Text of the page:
Trauma and Disability in Mad Max

Beyond the Road Warrior’s Fury

  • Mick Broderick
  • Katie Ellis

Table of contents

  1. Front Matter
    Pages i-xii
  2. Mick Broderick, Katie Ellis
    Pages 1-10
  3. Mick Broderick, Katie Ellis
    Pages 11-31
  4. Mick Broderick, Katie Ellis
    Pages 33-51
  5. Mick Broderick, Katie Ellis
    Pages 53-74
  6. Mick Broderick, Katie Ellis
    Pages 75-92
  7. Mick Broderick, Katie Ellis
    Pages 93-103
  8. Back Matter
    Pages 105-109

About this book


“The Mad Max films have been understood from numerous perspectives, from auteurism to national cinema to action adventure to gender to science fiction to dystopia. Mick Broderick and Katie Ellis have surpassed that literature with this exciting and profound work. Trauma and Disability is more than a new optic through which to view a storied series; it is a challenge to film studies and cultural analysis more broadly to wake up, smell the burning guzzoline, and rethink normativity.”
Professor Toby Miller, Loughborough University London, UK

Mad Max is more relevant today than ever, with climate change destroying the Earth and many despot leaders worldwide. Broderick and Ellis critique the imagery of trauma within the films and focus attention on the many narratives involving disabled characters. Their explication of representations of bodies, disabled and nondisabled, makes a significant contribution to our understanding of multiple Mad Max films, specifically, and popular culture, generally.” 
Professor Beth Haller, Towson University, USA 

This book explores the inter-relationship of disability and trauma in the Mad Max films (1979-2015). George Miller’s long-running series is replete with narratives and imagery of trauma, both physical and emotional, along with major and minor characters who are prominently disabled. The Mad Max movies foreground representations of the body – in devastating injury and its lasting effects – and in the broader social and historical contexts of trauma, disability, gender and myth.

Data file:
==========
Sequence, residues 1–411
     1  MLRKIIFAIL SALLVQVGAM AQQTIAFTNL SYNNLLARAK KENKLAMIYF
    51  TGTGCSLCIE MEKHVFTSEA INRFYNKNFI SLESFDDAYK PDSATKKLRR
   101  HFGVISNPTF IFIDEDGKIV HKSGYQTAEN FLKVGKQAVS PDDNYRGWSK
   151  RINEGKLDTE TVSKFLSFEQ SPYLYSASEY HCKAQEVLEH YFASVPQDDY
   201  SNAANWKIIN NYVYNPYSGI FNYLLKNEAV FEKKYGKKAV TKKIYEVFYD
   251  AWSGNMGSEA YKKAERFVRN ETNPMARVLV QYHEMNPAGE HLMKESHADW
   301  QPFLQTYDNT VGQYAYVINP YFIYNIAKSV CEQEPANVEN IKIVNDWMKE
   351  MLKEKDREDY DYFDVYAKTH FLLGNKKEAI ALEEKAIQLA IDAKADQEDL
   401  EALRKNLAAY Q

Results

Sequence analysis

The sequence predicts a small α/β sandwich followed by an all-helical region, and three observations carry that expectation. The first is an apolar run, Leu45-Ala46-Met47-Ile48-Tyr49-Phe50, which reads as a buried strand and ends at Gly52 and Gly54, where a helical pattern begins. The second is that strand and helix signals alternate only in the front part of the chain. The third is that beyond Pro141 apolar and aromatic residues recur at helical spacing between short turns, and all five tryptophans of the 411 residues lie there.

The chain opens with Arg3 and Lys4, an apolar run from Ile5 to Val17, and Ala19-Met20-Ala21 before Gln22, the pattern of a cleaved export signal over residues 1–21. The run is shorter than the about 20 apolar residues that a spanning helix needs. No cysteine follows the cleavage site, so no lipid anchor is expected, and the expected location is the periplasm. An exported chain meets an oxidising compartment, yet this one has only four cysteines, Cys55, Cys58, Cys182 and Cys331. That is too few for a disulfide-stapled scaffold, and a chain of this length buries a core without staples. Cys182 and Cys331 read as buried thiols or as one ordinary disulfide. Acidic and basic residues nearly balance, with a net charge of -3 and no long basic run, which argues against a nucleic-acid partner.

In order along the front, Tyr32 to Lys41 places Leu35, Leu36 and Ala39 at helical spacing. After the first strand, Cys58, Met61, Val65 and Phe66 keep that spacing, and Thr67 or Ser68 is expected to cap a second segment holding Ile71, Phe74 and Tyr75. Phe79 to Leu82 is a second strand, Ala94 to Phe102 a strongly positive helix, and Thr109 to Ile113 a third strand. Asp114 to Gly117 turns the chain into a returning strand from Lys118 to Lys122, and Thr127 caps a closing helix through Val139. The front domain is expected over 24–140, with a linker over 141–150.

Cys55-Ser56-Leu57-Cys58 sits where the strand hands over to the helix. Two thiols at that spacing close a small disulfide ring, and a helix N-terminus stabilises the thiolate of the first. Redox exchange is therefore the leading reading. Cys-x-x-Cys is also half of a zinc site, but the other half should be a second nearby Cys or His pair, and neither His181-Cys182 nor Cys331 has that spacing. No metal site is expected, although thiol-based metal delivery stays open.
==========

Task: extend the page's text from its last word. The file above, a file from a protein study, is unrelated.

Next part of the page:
Over the franchise’s four-decade span significant social and cultural change has occurred globally. Many of the images of disability and trauma central to Max’s post-apocalyptic wasteland can be seen to represent these societal shifts, incorporating both decline and rejuvenation. These shifts include concerns with social, economic and political disintegration under late capitalism, projections of survival after nuclear war, and the impact of anthropogenic climate change.
Drawing on screen production processes, textual analysis and reception studies this book interrogates the role of these representations of disability, trauma, gender and myth to offer an in-depth cultural analysis of the social critiques evident within the fantasies of Mad Max.

Mick Broderick is Associate Professor of Media Analysis at Murdoch University, Australia. 

Katie Ellis is Associate Professor in Internet Studies and Director of the Centre for Culture and Technology at Curtin University, Australia. 


Trauma Disability Post-apocalypse Mad Max Australian Cinema

Authors and affiliations

  • Mick Broderick
    • 1
  • Katie Ellis
    • 2
  1. 1.School of ArtsMurdoch UniversityMurdochAustralia
  2. 2.School of Media, Creative Arts and Social InquiryCurtin University of TechnologyPerthAustralia

Bibliographic information